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Diviacchi v. Speedway LLC

United States District Court, D. Massachusetts

June 12, 2015



WILLIAM G. YOUNG, District Judge.


The plaintiff Carolyn Diviacchi ("Diviacchi") brings this action against Speedway LLC d/b/a Hess Retail Stores LLC ("Hess")[1] seeking injunctive relief arising out of Hess's collection of her zip code while processing credit card transactions, which she views as a violation of Massachusetts' consumer privacy laws. After holding a two-day bench trial, the Court now makes the following findings of fact and rulings of law.

This case began on March 4, 2015, when Diviacchi filed a two-count complaint. Compl./Jury Demand ("Compl."), ECF No. 1. Count I raised a claim for damages under Massachusetts General laws chapter 93A sections 2 and 9 ("Chapter 93A"), id. ¶¶ 26-28, while Count II raised a claim for equitable injunctive relief in the event that no monetary damages were available, id. ¶¶ 29-30. Diviacchi filed the complaint as a putative class action with herself as class representative. See id. ¶¶ 22-25.

Diviacchi moved for a preliminary injunction on March 15, 2015. Pl.'s Mot. Prelim. Inj., ECF No. 5. Two weeks later, Hess filed a motion to dismiss. Defs.' Mot. Dismiss, ECF No. 14. The Court heard oral argument on both motions on April 2, 2015. Elec. Clerk's Notes, ECF No. 27. At the hearing, the Court denied Hess's motion to dismiss. Id . Turning to Diviacchi's motion for a preliminary injunction, the Court - following its usual practice - collapsed that motion with trial on the merits pursuant to Federal Rule of Civil Procedure 65(b) and set the matter for trial starting April 6. Id . Originally, that trial was to be an exemplar trial dealing only with Diviacchi's individual claims; no class-wide issues would be decided. Id.

The day after the hearing, Diviacchi filed a notice dismissing Count I of the complaint. Pl.'s Notice Dismissal Count I Only, ECF No. 31. Diviacchi's counsel represented that this meant that the class claim was thus out of the case entirely. Tr. Vol. I 7:12-20, ECF No. 45. In the wake of the dismissal of Count I, the Court held a two-day bench trial on April 6 and 7, 2015 addressing Diviacchi's individual claim for injunctive relief under Count II. See id.; Tr. Vol. II, ECF No. 48. At the end of the second day of trial, the Court took the matter under advisement. Tr. Vol. II 34:25-35:1.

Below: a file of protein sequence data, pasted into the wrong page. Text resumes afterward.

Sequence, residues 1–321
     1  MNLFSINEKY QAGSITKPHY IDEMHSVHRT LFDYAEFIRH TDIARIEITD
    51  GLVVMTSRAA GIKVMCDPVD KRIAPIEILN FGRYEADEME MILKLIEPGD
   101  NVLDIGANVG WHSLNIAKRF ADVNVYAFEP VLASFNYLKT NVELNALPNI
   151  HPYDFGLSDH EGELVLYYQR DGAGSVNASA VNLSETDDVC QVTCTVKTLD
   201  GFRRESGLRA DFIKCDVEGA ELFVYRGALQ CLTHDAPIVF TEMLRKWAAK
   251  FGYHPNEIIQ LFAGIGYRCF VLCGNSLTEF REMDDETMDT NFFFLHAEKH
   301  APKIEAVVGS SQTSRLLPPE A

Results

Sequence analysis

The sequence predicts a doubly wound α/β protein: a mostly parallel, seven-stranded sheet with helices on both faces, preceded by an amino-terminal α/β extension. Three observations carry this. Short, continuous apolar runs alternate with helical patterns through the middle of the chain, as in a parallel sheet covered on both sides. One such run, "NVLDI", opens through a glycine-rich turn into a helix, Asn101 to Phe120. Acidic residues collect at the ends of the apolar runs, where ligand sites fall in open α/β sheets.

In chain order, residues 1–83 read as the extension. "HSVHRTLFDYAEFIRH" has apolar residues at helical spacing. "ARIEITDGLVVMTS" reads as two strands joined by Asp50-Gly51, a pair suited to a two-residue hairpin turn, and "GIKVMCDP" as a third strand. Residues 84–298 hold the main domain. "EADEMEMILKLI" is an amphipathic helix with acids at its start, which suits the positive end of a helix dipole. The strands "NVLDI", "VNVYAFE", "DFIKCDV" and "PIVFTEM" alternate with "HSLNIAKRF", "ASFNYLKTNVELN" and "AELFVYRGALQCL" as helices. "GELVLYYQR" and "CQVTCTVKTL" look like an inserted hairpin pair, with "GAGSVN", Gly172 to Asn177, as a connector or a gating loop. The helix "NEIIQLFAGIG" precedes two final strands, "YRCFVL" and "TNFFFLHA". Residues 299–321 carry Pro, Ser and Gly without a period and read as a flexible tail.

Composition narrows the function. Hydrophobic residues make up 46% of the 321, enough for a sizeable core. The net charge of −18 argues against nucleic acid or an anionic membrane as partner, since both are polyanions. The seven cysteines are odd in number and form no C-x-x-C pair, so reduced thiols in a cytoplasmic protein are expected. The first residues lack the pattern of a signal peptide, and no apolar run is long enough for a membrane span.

The Court makes its findings of fact based on the four exhibits received in evidence during the bench trial, a list of stipulations with attached affidavits, and the testimony of Diviacchi herself. Tr. Vol. II 5:11-15.

Diviacchi has been a resident of the Allston neighborhood of Boston for approximately twenty-five years. Tr. Vol. I 26:13-14, 28:2-3. For the entire duration of her residence in Allston, Diviacchi has filled her car with gasoline at a Hess-branded gas station on Cambridge Street. Id. at 26:15-18, 27:4-7, 28:4-8. When purchasing gasoline, Diviacchi almost always uses her credit card rather than cash. See id. at 37:15-40:9. At trial, she described the purchasing process as follows:

[Y]ou find an empty pump, ... you put your card into the... pump with the gas, you put your card in, run your card through, and wait, and then the... terminal window asks for your zip code and you put your zip code in and then it accepts your card and you can proceed to pump the gas.

Id. at 27:11-16. She further testified that she does not know what happens to the zip code after it is entered at the pump. Id. at 40:10-12. Diviacchi's counsel admitted during argument before the Court that she makes no allegation that Hess sent marketing materials to her home at any point. Id. at 11:20-25.

The affidavits provided by Hess shed light both on what happens to the zip code information after it is entered and why Hess requires that customers enter their zip code to use their credit cards at the pump. The zip code is collected as part of the Address Verification System ("AVS") used by First Data Corporation ("First Data"), Hess's credit card transaction processing vendor. Stipulations, Ex. B, Aff. Paul Smith ("Smith Aff.") ¶ 3, ECF No. 43-2. When a customer inputs her zip code, that information (along with the credit card number and other data) are held in the volatile memory of the gas station's fuel pump, fuel controller, and a so-called credit appliance. Stipulations, Ex. A, Aff. Akira Johnson ("Johnson Aff.") ¶¶ 4-5, ECF No. 43-1. From the volatile memory, the data is sent to First Data; First Data in turn transmits the data to the card issuer (such as Visa or Mastercard), which compares the provided zip code with the billing address on record and then sends a single-letter code to First Data and Hess indicating whether the zip codes match - and thus whether the transaction is authorized. Id . ¶ 8. Once a transaction is authorized, Hess's credit appliance records the account number, the cardholder name, and the card expiration date and retains that information for six days. Id . ¶ 5. The zip code, however, is only ever held in the credit appliance's volatile memory and is not recorded or retained at any time. Id . ¶¶ 5, 8; Smith Aff. ¶¶ 4, 7. Because the zip code is not recorded, Hess does not have the ability to access its customers' zip code data. Johnson Aff. ¶ 9. As would reasonably follow, Hess thus does not use the zip codes for marketing purposes, nor does it sell zip code information to any third parties. Id . ¶¶ 10-11; Smith Aff. ¶¶ 9-10.